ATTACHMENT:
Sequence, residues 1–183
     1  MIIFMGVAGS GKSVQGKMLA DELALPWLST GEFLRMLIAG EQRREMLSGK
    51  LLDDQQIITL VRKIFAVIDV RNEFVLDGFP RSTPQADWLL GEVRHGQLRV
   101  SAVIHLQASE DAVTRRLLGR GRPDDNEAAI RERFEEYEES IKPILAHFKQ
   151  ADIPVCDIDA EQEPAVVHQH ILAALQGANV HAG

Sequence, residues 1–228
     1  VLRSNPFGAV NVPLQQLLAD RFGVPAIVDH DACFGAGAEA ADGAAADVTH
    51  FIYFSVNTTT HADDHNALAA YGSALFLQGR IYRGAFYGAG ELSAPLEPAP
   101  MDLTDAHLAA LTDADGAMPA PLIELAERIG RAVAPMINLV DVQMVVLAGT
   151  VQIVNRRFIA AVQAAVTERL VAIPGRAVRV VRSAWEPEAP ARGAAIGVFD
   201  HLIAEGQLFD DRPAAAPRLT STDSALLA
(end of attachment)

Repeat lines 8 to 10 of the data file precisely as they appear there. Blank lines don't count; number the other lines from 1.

    51  FIYFSVNTTT HADDHNALAA YGSALFLQGR IYRGAFYGAG ELSAPLEPAP
   101  MDLTDAHLAA LTDADGAMPA PLIELAERIG RAVAPMINLV DVQMVVLAGT
   151  VQIVNRRFIA AVQAAVTERL VAIPGRAVRV VRSAWEPEAP ARGAAIGVFD